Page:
Henry Cisneros, former housing secretary, was indicted Thursday by a federal grand jury on 18 felony counts of conspiracy, obstruction of justice and making false statements to the FBI involving more than $250,000 in payments he made to an ex-mistress.
The indictment also charges the former mistress, Linda Medlar, 45, of Lubbock, Texas, with conspiracy and with making a false statement.
Also indicted were two former Cisneros aides, Sylvia Arce-Garcia, 43, of Los Angeles, who was charged with conspiracy, and John D. Rosales, 41, of the Washington area, who was charged with conspiracy and two counts of making false statements.
The 66-page indictment outlines a multifaceted conspiracy in which Cisneros, who headed the Department of Housing and Urban Development from 1993 through 1996, worked frantically before, during and after his confirmation to keep Medlar from disclosing the true nature of their long relationship and the full extent of payments he had made for several years to keep her quiet.
Contrary to what Medlar and Cisneros had said at the time, the grand jury determined, Medlar had threatened to disclose publicly the relationship and the payments made to her. The grand jury also said Cisneros had made payments to a second woman with whom he had had an affair, though it did not name her. Medlar knew about the other woman and was being paid to keep that quiet, too.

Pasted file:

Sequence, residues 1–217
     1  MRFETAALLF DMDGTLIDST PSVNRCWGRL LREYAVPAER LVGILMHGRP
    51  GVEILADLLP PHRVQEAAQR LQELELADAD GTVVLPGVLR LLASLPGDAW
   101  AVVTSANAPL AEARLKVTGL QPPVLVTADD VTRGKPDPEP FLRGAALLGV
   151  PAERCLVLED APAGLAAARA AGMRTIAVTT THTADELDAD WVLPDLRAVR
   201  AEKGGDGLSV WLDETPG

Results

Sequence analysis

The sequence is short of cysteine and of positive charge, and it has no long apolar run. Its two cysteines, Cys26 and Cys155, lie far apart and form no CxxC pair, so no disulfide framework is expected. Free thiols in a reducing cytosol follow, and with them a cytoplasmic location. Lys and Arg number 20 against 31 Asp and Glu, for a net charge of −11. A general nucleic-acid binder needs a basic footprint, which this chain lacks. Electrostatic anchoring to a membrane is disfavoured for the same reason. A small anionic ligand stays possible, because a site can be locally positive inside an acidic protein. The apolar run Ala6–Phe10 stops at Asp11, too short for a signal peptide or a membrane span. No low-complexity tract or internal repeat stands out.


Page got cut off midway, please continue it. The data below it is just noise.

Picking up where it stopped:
And despite what Cisneros told the FBI, he kept on paying Medlar after he became housing secretary. In 1993 alone, the grand jury said, Cisneros paid her $73,000.
All of the lies, the grand jury said, became a conspiracy to impede the Senate in its confirmation responsibilities, the FBI in doing background investigations of Cabinet nominees and the Justice Department in determining who is worthy of top-secret national security clearance.
Former prosecutors reached Thursday said the charges reflect the seriousness with which the government views instances of lying to the FBI, whether it occurs in a confirmation probe or some other proceeding. During the time that Attorney General Janet Reno was weighing the appointment of an independent counsel in the Cisneros case, senior FBI officials were privately pushing aggressively for one, arguing that it was critical to maintain the bureau’s integrity.